At Millennial, an interview with the U.S.'s foremost labor priest, Fr. Clete Kiley.
The last two days, I have been review Joseph Capizzi’s new book Politics, Justice and War: Christian Governance and the Ethics of Warfare. You can find the first two parts here and here. Today, I will conclude the review.
At RealClearPolitics, Peter Berkowitz offers a thoughtful critique of the Iran deal, unlike the foolishness with Trump and Cruz at the Capitol yesterday. Having listened to the debate so far, I remain convinced that this vote is a very close call and no one should be throwing stones at people who decide differently.
Yesterday, I began my review of Joseph Capizzi’s important new book Politics, Justice, and War: Christian Governance and the Ethics of Warfare. I finished with Capizzi having responded to various critiques of classical just war theory and specifically the desire to separate that theory from politics. Today, I will pick up Capizzi’s treatment of the relationship of politics to war.
The Obama administration is proposing new rules to prevent transgender discrimination in health care. Let's hope that they are reasonable this time and do not ask Catholic hospitals to do things we should not be asked to do. I am beyond tired of having the LGBT community get a veto in this administration while they think nothing of kicking the Church - or the AFL-CIO (cf. TPP) - to the curb.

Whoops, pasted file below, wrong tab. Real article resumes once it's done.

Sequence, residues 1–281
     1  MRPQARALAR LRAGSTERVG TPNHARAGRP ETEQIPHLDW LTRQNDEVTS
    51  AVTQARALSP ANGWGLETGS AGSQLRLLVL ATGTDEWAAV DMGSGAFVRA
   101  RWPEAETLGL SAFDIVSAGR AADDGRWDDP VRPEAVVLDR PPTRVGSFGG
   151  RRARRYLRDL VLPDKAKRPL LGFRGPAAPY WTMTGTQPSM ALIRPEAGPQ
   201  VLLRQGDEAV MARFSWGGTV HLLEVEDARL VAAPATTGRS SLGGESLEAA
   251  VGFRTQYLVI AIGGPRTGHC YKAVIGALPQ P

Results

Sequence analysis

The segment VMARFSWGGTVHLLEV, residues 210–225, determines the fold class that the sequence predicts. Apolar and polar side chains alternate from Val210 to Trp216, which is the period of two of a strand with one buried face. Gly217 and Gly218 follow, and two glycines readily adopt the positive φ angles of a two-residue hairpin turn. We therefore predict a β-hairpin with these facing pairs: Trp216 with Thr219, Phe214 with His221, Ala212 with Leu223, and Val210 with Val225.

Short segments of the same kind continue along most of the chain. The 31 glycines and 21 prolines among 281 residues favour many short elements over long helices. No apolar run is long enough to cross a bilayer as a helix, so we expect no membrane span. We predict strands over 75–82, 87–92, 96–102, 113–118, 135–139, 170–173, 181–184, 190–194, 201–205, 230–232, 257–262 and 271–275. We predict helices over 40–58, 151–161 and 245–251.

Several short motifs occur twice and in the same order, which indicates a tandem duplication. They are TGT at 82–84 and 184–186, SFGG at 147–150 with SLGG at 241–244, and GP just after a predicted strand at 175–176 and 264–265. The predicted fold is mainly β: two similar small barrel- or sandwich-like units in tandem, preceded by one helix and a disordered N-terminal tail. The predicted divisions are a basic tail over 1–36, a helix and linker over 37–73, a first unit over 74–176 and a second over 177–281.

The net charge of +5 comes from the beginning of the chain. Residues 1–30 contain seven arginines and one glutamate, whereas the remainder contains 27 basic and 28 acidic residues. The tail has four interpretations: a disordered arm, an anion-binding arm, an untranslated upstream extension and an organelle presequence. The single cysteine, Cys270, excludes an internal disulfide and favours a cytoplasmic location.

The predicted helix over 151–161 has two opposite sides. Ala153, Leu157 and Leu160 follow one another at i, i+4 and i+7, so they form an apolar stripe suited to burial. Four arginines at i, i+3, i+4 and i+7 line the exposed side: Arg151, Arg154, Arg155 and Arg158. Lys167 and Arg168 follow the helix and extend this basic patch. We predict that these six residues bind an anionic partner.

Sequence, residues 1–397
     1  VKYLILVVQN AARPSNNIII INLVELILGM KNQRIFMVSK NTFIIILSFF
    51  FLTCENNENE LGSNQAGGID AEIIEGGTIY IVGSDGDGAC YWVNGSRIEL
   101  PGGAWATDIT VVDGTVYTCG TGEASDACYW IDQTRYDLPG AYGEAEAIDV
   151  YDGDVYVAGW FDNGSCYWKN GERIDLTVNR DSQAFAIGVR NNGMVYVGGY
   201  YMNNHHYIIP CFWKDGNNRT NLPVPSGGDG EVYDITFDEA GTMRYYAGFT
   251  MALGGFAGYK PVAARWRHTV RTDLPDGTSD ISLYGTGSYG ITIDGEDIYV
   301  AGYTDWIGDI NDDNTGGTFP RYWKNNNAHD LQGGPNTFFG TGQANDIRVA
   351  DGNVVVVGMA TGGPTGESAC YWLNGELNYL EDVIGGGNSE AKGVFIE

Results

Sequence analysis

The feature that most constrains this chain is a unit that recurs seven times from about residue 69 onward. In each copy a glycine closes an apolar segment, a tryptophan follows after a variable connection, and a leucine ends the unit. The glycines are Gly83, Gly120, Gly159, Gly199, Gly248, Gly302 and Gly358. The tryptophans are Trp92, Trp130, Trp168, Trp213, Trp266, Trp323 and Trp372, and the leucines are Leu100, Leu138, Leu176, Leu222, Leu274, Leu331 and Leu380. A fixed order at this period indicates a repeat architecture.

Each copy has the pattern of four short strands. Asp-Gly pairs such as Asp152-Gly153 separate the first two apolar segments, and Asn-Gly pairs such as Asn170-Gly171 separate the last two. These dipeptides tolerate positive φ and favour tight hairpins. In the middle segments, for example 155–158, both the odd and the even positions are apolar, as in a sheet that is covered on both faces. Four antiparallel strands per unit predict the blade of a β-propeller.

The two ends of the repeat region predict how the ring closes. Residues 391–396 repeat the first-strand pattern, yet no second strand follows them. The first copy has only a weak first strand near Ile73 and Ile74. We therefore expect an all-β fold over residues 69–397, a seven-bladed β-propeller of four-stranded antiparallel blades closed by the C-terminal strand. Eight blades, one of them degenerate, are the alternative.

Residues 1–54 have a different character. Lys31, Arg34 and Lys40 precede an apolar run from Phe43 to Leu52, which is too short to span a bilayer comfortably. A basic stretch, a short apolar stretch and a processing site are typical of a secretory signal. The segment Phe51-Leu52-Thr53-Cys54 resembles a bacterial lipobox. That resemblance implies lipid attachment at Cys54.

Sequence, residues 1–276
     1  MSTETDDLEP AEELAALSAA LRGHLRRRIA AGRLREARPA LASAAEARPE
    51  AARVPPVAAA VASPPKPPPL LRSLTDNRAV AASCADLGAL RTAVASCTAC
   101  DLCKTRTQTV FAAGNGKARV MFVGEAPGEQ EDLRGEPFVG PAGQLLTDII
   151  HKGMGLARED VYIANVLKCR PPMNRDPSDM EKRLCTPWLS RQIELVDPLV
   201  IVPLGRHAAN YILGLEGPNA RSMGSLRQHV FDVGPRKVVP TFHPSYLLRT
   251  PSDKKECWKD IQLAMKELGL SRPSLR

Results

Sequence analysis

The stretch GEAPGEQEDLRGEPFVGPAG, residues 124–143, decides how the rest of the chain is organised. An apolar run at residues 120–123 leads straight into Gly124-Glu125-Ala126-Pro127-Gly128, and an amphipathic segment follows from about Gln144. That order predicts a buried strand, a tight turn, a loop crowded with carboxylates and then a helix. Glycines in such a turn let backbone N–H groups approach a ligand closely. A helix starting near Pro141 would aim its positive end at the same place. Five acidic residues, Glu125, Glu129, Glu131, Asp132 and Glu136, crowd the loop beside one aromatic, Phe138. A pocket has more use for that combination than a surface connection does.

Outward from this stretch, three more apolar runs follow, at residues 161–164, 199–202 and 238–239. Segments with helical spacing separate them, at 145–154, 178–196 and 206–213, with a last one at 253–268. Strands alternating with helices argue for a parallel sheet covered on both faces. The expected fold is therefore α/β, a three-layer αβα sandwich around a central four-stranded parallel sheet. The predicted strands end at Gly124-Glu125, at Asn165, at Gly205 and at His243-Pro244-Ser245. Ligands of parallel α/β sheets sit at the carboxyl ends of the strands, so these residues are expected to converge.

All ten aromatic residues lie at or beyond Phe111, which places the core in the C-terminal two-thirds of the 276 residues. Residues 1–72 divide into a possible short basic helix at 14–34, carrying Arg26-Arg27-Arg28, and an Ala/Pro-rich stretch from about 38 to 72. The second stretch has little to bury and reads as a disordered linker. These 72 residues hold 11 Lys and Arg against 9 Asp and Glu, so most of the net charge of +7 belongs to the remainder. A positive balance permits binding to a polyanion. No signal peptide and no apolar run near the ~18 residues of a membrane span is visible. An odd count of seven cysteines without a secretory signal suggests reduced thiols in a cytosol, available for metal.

Joseph Capizzi has come out with a new book entitled Politics, Justice, and War: Christian Governance and the Ethics of Warfare. It is an important and serious contribution to the vast literature on just war ethics, especially needed at this time in history when that just war theory has been the subject of deep questioning and when the experience of war itself seems to be changing in ways that warrant a re-examination of the validity of traditional theological treatment of war.
At CNN, John Gehring on Pope Francis, who may be the best thing to happen to organized labor in years.
At The New Yorker, Alexander Stille writes about Pope Francis and his battles with curial intransigence. Stille gets some things wrong, but the question everyone is asking about the article is: Who is the cardinal with so many self-portraits adorning his apartment?
On their face, the situations of Viktor Orban and Kim Davis have little in common. The refugee crisis in Europe and the issuing of marriage licenses in Kentucky involve different issues, different countries, different people. But, the stances of both the prime minister of Hungary and the county clerk in Kentucky raise profound issues of Christian identity, conscience and witness.
At RNS, Mark Silk looks at the limits of religious liberty in light of the case of Kim Davis. I would go further. Ms. Davis seems not to understand that she is exemplifying the thing she claims to be fighting, government intrusion into people's religious beliefs. She is, after all, in this mess because she is a government official.
A couple of years back, I was having a conversation with Professor Stephen Schneck, the director of Catholic University’s Institute for Policy Research & Catholic Studies, where I serve as a visiting fellow. He wanted to pull together a conference that contrasted libertarianism with Catholic Social Teaching. It was a brilliant idea. We immediately knew we wanted Cardinal Oscar Rodriguez to deliver the keynote. And we knew with equal immediacy that we want the then-Bishop of Spokane, +Blase Cupich, to give the response.